The Bureau of Ocean Energy Management (BOEM) recently awarded a contract to HDR Environmental, Operations and Construction (HDR) to support BOEM’s Passive Acoustic Monitoring (PAM) Program for the Northern Gulf of Mexico.
The world is a noisy place. As humans, we contribute to the noise levels in the ocean through a variety of activities from shipping to underwater construction. As a result, our activities have created a noisy habitat for marine animals, particularly marine mammals which rely on sound for communication and foraging. To develop ways to minimize noise impacts to marine mammals, we must first characterize ambient noise levels.
The Gulf of Mexico, a highly industrialized environment, is an especially noisy place full of shipping, oil and gas, and military activities which contribute to ambient noise levels. As we learned after the Deepwater Horizon oil spill in 2010, baseline data on ambient noise in the Gulf of Mexico are extremely limited. Small-scale PAM programs in several regions of the U.S. have effectively measured and monitored ambient and anthropogenic noise levels and marine mammal presence. However, no national, long-term program currently exists.
The objective of this program is to establish a current baseline of natural and anthropogenic noise sources and levels in the Gulf of Mexico via implementation of a 2-year PAM study using moored acoustic recorders deployed at permanent stations throughout the Gulf of Mexico. This PAM system may also include mobile recording devices (e.g., gliders) and will be able to record not only anthropogenic noises but also vocalizing marine mammals to provide critical spatial and temporal information about whales and dolphins in the Gulf of Mexico.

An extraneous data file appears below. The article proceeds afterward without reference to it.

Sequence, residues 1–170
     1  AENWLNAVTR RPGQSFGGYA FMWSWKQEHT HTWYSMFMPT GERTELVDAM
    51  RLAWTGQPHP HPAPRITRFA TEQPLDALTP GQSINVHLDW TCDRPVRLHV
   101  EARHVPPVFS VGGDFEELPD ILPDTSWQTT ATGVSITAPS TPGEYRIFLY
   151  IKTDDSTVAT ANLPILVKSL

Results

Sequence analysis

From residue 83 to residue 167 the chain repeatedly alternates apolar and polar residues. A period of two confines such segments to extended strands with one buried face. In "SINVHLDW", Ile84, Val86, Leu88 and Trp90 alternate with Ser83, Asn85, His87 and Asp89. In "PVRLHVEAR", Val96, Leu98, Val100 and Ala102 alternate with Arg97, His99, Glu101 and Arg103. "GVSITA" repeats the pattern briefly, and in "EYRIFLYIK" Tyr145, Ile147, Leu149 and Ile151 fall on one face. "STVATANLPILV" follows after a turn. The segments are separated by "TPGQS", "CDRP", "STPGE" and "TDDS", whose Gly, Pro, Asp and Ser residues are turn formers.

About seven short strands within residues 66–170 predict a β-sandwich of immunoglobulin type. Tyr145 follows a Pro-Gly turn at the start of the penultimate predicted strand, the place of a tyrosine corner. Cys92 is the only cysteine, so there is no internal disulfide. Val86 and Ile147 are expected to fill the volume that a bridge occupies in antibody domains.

HDR is leading this effort for BOEM and has formed a diverse team of highly experienced acousticians and marine mammal scientists from universities and other environmental consulting companies. We are excited to be a part of the HDR Team and are currently supporting HDR’s efforts to review and synthesize published data and information about previous PAM studies on marine mammals and ambient and anthropogenic noise in the Gulf. In collaboration with HDR’s scientists, we are investigating existing methodologies for recording and analyzing noise and marine mammal sounds, including signal detection, localization, and classification of mammal vocalizations, and summarizing the previous studies and efforts to provide a comprehensive review of PAM in the Gulf.
The HDR Team will use this literature review and synthesis to identify the most appropriate field methodologies and protocols for measuring the acoustic environment in the Gulf and develop an experimental design for the 2-year PAM study. The next phase will be to implement the PAM program and begin collecting acoustic recordings.